Stories We Tell


1h 49m 2012
Stories We Tell

Brief Synopsis

Filmmaker and actress Sarah Polley explores the nature of memory and storytelling while making a documentary on her own family. Focused on her late mother Diane's infidelities, we observe the intimate relationship politics of the Polley family. What comes to the fore is the imperfect marriage of Pol

Film Details

Also Known As
Apáim története, Histoires qu'on raconte, Historie rodzinne, Les Histoires qu'on raconte
MPAA Rating
Release Date
2012
Production Company
National Film Board Of Canada
Distribution Company
MONGREL MEDIA/M+TROPOLE FILMS DISTRIBUTION/ROADSIDE ATTRACTIONS; A-Film Distribution ; Angel Films (Denmark) ; Arthaus (Norway) ; Curzon Artificial Eye ; Folkets Bio ; Gutek Film Sp. Z O.O. ; Lions Gate Films Home Entertainment ; Lionsgate ; Mongrel Media ; Mongrel Media ; Mozinet ; Métropole Films Distribution ; Métropole Films Distribution ; Palace Films ; Roadside Attractions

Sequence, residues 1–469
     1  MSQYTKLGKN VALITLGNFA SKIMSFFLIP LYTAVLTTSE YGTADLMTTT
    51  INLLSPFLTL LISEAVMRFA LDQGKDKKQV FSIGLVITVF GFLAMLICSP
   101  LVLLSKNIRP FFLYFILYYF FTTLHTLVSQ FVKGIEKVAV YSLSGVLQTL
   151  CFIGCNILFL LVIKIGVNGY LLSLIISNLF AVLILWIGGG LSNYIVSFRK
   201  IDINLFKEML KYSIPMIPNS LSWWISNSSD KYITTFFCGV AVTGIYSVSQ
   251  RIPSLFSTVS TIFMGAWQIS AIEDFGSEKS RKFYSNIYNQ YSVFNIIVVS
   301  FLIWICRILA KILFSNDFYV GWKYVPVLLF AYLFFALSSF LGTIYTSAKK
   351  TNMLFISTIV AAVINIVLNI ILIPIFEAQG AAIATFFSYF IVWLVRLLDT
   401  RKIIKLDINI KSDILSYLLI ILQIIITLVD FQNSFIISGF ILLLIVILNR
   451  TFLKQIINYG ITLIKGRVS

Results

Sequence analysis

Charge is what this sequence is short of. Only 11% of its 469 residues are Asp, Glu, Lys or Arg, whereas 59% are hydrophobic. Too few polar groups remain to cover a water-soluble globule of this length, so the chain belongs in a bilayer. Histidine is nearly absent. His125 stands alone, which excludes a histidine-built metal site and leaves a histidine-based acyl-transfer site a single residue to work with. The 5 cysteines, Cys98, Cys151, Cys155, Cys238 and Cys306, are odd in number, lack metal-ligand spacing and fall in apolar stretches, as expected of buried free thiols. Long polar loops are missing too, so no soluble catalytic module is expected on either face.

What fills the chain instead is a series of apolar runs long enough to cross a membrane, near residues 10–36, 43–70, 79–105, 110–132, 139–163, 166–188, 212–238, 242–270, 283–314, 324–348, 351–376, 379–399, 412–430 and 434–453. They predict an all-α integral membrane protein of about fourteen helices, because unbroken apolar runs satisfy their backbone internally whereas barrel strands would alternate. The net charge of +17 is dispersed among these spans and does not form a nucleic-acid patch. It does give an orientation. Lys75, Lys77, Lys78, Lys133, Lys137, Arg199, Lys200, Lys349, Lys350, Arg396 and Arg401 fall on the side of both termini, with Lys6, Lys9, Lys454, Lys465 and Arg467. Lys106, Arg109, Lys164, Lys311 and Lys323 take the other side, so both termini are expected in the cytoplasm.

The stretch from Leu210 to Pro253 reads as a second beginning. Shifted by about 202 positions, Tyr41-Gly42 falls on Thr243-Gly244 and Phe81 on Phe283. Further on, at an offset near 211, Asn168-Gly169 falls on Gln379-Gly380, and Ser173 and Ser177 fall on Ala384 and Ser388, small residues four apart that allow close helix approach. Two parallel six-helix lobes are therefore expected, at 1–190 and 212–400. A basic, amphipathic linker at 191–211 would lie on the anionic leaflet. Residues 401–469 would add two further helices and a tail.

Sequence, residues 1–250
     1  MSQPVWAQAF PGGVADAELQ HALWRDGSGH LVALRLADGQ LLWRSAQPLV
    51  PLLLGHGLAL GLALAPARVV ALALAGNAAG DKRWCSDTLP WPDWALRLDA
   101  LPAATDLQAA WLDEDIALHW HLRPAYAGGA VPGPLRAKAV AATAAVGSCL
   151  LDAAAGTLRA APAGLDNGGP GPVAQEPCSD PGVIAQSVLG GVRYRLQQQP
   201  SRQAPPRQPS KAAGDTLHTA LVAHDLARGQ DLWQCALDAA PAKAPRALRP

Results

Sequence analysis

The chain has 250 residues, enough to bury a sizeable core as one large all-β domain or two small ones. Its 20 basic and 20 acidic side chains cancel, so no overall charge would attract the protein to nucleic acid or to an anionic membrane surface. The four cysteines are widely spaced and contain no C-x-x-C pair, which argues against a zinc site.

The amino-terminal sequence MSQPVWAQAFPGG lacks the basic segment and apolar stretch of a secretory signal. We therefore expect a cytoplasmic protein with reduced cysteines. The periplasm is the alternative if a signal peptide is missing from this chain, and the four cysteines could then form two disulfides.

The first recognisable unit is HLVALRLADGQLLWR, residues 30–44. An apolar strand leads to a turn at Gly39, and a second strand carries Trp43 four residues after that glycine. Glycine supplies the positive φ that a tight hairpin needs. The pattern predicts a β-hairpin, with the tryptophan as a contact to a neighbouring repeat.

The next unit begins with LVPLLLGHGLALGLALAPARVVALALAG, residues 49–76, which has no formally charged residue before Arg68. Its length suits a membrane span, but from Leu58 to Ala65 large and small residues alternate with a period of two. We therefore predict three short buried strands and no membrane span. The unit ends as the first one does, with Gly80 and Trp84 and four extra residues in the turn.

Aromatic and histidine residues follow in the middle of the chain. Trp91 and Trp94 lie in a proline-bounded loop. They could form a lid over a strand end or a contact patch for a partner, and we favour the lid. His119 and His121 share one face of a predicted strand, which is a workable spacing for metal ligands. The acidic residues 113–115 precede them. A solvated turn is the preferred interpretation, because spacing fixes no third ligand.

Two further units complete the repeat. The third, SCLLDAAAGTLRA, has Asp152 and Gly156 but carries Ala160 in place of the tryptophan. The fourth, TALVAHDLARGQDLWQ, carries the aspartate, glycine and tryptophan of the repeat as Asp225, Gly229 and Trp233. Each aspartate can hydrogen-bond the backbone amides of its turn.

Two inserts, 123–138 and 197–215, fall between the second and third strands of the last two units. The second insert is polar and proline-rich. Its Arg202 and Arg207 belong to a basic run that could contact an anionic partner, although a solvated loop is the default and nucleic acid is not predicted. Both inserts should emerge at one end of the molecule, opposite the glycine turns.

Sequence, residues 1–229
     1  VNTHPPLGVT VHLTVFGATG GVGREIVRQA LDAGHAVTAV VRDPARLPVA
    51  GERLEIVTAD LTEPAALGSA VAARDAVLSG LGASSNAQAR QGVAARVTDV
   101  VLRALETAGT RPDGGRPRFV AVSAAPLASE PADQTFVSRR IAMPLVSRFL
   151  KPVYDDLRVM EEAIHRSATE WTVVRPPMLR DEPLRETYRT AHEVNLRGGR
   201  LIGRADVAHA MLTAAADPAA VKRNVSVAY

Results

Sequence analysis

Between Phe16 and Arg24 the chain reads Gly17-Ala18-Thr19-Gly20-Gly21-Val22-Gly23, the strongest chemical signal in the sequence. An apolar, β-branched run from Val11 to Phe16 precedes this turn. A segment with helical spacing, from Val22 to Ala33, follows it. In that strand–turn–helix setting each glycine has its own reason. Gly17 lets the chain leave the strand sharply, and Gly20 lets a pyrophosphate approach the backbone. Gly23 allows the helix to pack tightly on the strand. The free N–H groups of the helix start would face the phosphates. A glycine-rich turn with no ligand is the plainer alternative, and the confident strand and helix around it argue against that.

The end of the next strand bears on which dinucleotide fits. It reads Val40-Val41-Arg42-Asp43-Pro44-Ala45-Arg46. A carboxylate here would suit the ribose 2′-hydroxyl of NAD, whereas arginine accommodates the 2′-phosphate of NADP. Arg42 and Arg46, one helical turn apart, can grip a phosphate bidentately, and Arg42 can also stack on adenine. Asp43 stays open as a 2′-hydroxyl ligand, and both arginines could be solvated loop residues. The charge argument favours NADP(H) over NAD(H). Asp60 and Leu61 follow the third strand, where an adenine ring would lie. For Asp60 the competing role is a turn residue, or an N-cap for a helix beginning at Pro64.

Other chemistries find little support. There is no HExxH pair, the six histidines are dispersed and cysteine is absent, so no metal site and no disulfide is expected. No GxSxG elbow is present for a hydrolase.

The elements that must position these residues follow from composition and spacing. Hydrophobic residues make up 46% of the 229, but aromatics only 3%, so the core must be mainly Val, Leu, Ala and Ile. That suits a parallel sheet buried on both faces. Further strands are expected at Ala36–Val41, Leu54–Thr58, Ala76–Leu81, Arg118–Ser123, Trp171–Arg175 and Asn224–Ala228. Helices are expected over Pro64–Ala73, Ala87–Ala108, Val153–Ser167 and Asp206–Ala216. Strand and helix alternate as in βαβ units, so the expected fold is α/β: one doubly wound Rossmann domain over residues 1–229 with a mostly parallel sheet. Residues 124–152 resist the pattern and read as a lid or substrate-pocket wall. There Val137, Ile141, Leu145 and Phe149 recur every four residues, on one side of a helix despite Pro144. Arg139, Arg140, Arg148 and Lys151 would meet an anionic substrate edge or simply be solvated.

Technical Specs

Duration
1h 49m

Synopsis

Filmmaker and actress Sarah Polley explores the nature of memory and storytelling while making a documentary on her own family. Focused on her late mother Diane's infidelities, we observe the intimate relationship politics of the Polley family. What comes to the fore is the imperfect marriage of Polley's parents which leads to questions about her paternity and questions about her place within the family clan.

Film Details

Also Known As
Apáim története, Histoires qu'on raconte, Historie rodzinne, Les Histoires qu'on raconte
MPAA Rating
Release Date
2012
Production Company
National Film Board Of Canada
Distribution Company
MONGREL MEDIA/M+TROPOLE FILMS DISTRIBUTION/ROADSIDE ATTRACTIONS; A-Film Distribution ; Angel Films (Denmark) ; Arthaus (Norway) ; Curzon Artificial Eye ; Folkets Bio ; Gutek Film Sp. Z O.O. ; Lions Gate Films Home Entertainment ; Lionsgate ; Mongrel Media ; Mongrel Media ; Mozinet ; Métropole Films Distribution ; Métropole Films Distribution ; Palace Films ; Roadside Attractions

Technical Specs

Duration
1h 49m

Articles

Stories We Tell